in Reference 3 and below, one uses terms like those in Table 1 and then delves deeper into the meaning and relevance of that first impression. This is the only way — using language and a vocabulary to unravel the complexity of a spirit or other beverage’s flavor profile.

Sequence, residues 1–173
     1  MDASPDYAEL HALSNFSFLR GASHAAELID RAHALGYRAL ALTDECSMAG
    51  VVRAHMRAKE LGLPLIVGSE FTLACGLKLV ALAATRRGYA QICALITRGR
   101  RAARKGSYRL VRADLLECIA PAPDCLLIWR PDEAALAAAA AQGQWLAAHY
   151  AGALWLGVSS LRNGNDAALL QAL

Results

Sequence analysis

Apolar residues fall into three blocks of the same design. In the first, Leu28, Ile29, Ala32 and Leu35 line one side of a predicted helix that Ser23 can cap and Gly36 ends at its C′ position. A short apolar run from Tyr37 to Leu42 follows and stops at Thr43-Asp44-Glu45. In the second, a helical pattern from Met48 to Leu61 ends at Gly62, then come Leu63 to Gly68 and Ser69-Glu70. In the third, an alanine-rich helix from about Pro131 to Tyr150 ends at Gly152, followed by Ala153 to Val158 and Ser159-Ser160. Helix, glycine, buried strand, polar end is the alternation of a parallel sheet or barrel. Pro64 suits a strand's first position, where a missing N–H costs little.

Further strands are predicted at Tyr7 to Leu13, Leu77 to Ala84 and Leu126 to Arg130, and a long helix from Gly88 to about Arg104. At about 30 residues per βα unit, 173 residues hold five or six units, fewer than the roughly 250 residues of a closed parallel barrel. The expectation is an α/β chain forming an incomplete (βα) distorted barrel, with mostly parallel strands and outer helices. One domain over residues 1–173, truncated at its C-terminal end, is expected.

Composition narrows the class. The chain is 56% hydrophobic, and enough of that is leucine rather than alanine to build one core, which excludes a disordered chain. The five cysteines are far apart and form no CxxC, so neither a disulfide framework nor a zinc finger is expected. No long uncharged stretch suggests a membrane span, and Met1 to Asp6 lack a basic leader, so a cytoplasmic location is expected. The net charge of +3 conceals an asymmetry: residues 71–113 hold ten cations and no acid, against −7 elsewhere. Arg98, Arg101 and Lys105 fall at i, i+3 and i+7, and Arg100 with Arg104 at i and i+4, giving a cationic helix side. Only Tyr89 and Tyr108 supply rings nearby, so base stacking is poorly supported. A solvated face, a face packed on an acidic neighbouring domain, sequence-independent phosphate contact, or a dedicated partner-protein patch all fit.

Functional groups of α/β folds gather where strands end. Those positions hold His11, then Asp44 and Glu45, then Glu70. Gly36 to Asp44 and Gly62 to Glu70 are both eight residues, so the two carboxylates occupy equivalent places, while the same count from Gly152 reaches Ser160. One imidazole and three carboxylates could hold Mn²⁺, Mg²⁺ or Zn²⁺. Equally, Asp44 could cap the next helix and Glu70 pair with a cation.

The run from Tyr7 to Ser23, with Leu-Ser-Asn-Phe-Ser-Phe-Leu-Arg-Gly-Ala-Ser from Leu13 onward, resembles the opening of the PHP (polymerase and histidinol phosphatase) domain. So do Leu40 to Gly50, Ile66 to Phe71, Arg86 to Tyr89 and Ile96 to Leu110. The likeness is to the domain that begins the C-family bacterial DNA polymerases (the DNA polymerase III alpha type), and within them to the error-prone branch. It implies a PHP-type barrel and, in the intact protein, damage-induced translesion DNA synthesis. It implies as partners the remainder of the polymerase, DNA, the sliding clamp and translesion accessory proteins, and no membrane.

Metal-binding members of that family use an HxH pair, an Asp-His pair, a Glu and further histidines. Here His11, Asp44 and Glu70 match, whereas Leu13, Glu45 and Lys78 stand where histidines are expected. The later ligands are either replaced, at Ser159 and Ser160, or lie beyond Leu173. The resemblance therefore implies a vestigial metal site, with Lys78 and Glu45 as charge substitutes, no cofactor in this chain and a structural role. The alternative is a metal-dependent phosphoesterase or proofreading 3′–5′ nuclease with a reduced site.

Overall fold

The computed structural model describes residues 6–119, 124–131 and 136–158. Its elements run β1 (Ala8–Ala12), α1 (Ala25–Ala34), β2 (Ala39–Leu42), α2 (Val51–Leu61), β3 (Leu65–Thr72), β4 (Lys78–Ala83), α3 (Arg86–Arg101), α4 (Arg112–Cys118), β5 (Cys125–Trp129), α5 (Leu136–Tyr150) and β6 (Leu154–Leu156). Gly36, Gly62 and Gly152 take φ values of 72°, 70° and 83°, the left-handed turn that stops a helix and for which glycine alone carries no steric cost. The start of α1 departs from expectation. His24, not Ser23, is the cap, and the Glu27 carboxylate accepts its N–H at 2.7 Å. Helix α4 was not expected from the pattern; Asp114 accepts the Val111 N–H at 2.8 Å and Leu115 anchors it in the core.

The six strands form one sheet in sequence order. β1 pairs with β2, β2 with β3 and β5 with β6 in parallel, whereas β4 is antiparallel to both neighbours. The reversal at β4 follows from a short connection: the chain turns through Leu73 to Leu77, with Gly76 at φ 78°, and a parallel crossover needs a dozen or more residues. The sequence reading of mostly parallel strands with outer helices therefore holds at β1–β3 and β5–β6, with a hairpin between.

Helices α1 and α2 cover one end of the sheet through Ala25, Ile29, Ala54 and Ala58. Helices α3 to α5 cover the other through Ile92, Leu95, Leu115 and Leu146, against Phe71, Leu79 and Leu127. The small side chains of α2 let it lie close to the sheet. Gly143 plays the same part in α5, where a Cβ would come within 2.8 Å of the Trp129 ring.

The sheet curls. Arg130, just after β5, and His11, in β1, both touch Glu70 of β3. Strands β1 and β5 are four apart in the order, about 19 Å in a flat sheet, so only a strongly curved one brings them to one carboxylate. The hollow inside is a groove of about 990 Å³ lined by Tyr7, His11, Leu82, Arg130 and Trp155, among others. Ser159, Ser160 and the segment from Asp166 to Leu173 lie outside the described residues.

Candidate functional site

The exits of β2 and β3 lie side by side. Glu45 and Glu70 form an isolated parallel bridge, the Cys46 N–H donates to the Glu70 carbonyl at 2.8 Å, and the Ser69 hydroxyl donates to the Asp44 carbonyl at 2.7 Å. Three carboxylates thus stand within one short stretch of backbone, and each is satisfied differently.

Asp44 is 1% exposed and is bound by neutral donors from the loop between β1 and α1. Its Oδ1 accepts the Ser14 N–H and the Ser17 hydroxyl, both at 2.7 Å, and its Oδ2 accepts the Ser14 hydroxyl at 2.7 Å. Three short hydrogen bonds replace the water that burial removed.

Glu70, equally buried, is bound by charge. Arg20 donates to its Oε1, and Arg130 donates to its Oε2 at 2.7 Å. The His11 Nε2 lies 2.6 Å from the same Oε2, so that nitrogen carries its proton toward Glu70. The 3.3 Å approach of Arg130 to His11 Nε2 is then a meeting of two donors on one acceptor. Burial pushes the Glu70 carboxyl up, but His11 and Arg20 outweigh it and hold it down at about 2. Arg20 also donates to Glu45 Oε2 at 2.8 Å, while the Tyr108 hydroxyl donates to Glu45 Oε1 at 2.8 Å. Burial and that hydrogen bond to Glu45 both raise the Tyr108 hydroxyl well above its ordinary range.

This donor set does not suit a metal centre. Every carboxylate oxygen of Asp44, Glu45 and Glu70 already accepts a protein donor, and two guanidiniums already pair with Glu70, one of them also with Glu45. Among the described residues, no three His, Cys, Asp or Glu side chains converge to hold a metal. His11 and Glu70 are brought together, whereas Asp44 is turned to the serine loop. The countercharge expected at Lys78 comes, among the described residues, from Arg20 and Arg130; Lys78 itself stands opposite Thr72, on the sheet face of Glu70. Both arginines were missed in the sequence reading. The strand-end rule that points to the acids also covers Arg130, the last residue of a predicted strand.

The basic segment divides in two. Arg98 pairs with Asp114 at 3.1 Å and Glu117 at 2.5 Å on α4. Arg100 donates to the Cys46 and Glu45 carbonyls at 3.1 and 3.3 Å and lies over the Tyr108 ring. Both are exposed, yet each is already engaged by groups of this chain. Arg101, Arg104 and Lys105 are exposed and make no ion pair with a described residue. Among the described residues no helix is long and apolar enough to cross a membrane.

FLAVORS & VOLATILITY Over 10,000 volatile compounds have so far been detected in foods — yet only several hundred are noted as aroma compounds (4). Those of high odor value (a term noted as OAV or odor activity) have been determined. An OAV or odor unit/ odor value is used to estimate the odor potency of a compound in terms of the ratio of the concentration of that volatile compound to its odor detection threshold. The detection threshold is the concentration of that substance at which it is positively identified on a statistical basis by human subjects. We learn this for general foods, beverages and other items as we develop through childhood or, later, with training on specific foods or beverages of interest — whiskies, gins, rums etc. This then makes us better tasters, judges or sensory panelists etc., (see 3). For many though no second thoughts are given once it is established that the meal or drink before them is “good enough." We must learn to appreciate more fully the raw materials, the processes and the final, hopefully pleasing and potable, products we deal with. While there is much more information in the literature on all of this, the point to be made here is that, through many different chemical groups, there are chemical families or classes that exhibit a set of general “flavor characteristics” when it comes to flavor profiling. Once we have the general classes and characteristics noted (and memorized) we can begin to drill down into the more specific flavor nuances — Apple? Yes. Green, red, sour, sweet apple and so forth. These flavor impressions in our brains are conveyed by the classes of chemical species of low molecular weight and of high volatility. In using several different fruits, herbs or botanicals in a formulation many of the same or related volatile components will add to the concentration of those species present in the beverage and maybe raise the concentration to detection threshold levels. These additions could become balanced or unbalanced, or certain notes become enhanced in combination with related or unrelated classes of constituents or even masked-off from perception. Understanding how flavors play together is crucial to quality control. And is why the big distillation and brewing companies implement sensory programs and train staff to become experienced tasters. Even on a small scale, tasting raw materials and products on the way to the final packaging, and even beyond, makes good sense! To summarize, beverage flavors that delight the senses through their perception must be volatile to be perceived. Chemical functional groups, the molecular structure and the chemical mass of flavorants are important factors in this WWW.ARTISANSPIRITMAG.COM